Say Yes to Opportunity

Saturday, November 11, 2017
Build a platform. Specialize. We’re told to do this so we can build an audience and carve out a niche for ourselves in the world of publishing. And it isn’t bad advice.

But I’d like to suggest that you try something new. Say yes to opportunity. You might just surprise yourself and make a sale. After all, it’s how I built my writing career.

Although I started off writing picture books, it didn’t take me very long to start writing nonfiction. A writing buddy signed on as a magazine editor. She needed writers. I needed credits. I could drop her a note and she’d tell me what she needed. Then I’d bounce a few ideas off her and she’d say yes or no. Before long, I had built a short resume.

Then I saw a market update from READ magazine. The editor needed nonfiction so I pitched an article on distance swimmer Gertrude Ederle. “Can you write it as reader’s theater?” I could have said, “No, I don’t know anything about reader’s theater.” But that’s not how I operate. I said, “Sure!” Then I had to learn how to script a piece of reader’s theater. I studied how many parts there are for students, stage directions, and more. It sold and I had a new market to add to my resume.

The moral of the story: When an editor asks you to make a big change, give it a try. You might surprise yourself.

A few years ago my friend’s editor needed writers. “You’re good at nonfiction. You should give it a try.” The problem was that this was a book editor. I’d never written anything that long. This time my “yes” was a bit more reluctant. But their instructions were clear and I got to put my degrees to work. My first assignment came out in 2015 and I have ten more books in print.

The moral of the story: When someone with an in offers to help you out, give it a try. You might surprise yourself.

Most recently, I was asked to help organize a series of workshops in 2017. I very reluctantly said yes even though the first one was on the poetry in picture book writing. Poetry! Help! I wanted to have a clue what I was getting into so I read through several issues of Highlights Hello! which always features children's poetry. Reading on the treadmill, I got a feel for the rhythm of these super-short poems. By the time I was done rowing, I had an idea for a humorous piece called “Tiger Cat.” It sold this spring to none other than Highlights Hello!

The moral of the story: Don’t write off a form of writing you’ve never done. You might surprise yourself.

I’m not saying that every attempt is going to be met with success. But if you are still struggling to find a place for yourself in the world of publishing, try saying yes. Otherwise, you might miss the niche that's a perfect fit.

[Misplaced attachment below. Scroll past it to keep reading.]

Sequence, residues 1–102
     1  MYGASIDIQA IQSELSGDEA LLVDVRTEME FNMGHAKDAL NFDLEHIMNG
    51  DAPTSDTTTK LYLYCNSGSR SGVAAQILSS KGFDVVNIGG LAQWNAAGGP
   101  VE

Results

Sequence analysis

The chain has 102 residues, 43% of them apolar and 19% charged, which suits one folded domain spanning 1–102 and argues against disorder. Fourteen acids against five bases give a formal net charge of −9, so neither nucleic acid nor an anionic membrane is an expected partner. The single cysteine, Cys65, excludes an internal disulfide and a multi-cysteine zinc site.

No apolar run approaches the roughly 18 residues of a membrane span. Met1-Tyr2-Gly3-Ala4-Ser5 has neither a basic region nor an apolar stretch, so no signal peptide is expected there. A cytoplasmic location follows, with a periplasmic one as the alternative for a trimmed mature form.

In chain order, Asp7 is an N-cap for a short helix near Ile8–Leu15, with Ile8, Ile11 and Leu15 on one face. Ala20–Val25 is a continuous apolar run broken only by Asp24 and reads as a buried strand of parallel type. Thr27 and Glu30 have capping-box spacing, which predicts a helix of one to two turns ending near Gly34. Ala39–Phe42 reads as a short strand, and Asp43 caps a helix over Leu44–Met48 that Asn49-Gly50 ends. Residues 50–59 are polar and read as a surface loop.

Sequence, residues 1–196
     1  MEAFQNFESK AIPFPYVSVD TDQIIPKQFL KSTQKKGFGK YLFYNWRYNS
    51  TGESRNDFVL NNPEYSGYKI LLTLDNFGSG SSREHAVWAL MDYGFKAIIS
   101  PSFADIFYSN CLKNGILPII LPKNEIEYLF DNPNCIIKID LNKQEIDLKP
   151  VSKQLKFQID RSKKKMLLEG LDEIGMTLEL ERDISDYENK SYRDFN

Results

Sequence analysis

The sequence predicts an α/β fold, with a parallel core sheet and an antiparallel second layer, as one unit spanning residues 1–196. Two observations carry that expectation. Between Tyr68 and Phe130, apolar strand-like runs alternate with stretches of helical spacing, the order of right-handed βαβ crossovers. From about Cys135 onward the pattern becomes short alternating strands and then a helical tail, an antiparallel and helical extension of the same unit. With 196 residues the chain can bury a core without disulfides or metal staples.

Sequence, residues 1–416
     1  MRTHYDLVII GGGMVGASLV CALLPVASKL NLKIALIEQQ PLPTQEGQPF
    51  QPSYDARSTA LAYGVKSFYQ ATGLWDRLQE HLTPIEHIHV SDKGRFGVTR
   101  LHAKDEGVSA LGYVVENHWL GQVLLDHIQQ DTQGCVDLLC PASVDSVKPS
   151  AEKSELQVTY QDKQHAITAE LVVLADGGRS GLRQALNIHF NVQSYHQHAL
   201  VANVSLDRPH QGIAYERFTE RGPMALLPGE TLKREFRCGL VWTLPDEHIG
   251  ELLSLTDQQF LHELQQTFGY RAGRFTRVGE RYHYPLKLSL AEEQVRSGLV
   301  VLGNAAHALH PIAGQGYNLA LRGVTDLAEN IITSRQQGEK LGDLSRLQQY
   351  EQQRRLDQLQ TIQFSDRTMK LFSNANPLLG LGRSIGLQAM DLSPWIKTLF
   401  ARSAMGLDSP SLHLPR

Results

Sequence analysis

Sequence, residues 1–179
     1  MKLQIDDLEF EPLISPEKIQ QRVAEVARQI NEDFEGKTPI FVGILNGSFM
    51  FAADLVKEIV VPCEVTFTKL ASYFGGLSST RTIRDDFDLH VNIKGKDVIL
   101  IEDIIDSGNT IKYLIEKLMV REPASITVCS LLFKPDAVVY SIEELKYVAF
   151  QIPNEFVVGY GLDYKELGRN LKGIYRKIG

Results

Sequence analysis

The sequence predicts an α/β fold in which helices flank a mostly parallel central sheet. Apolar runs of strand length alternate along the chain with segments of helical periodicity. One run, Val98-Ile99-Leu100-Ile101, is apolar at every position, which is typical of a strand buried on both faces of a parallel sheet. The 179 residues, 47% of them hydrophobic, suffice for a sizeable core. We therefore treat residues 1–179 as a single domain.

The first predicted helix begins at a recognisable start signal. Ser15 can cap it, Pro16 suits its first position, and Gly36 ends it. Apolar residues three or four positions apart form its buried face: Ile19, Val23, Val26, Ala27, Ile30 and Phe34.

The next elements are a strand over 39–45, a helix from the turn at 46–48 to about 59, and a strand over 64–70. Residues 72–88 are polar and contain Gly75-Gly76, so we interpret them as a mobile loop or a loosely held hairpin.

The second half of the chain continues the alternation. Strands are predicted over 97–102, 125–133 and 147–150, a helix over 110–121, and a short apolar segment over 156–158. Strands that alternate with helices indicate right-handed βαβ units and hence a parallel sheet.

Of course, my husband has made a suggestion. “What about trying a block buster series?”


To find out more about Sue Bradford Edwards' writing, visit her blog, One Writer's Journey.  Sue is also the instructor for Writing Nonfiction for Children and Young Adults. The next session begins January 8th, 2017.


Sioux Roslawski said...

Sue--Great advice, especially for writers like me who have gotten stuck in a rut when submitting. Submitting to only a couple of markets all the time doesn't allow me to grow or branch out.

Your last line had me chuckling. Family members who are not writers are always full of suggestions.

"Why don't you just publish your book yourself since you can't find a publisher?" (Well, I can't find a friend that likes it, either... I don't even like it.)

Angela Mackintosh said...

Excellent advice, Sue. I'm taking a humor writing class right now, and I'm not feeling very funny, so it's kind of weird, forcing myself to write funny. But it's good to step out of your comfort zone because, like you said, you might surprise yourself. Even if I find it hard to write funny, the lessons are helping me to find the humor in things. I love how you said yes to all those different genres. You are such a multi-talented writer who can write anything!

My husband is always suggesting I write a screenplay. Who knows. Maybe I will. :)

Margo Dill said...

I completely agree. This kind of goes along with a theme I was on this past month--what have you written that you never thought you would? That might just happen if you say YES to opportunity!

Sue Bradford Edwards said...

He's serious about the series because he knows I have series ideas. Blockbuster is his funny bit. When he really wants to get me, he suggests I write an Oprah book. Sigh.

I don't know about anything. I think a straight up romance might be impossible. Although, I haven't actually tried! Thanks for the compliment and implanting that idea.

Definitely! I still have troubles considering the piece I sold a poem.


Renee Roberson said...

This is a great story of success, Sue. I've had to step outside of my comfort zone so many times over my career but it almost always pays off! I would love to attempt some humor like Angela is right now but I'm not sure that's my bag. I'm working for a theatre company right now and am seeing how different the writing is for plays. Maybe I'll tackle one of those next!

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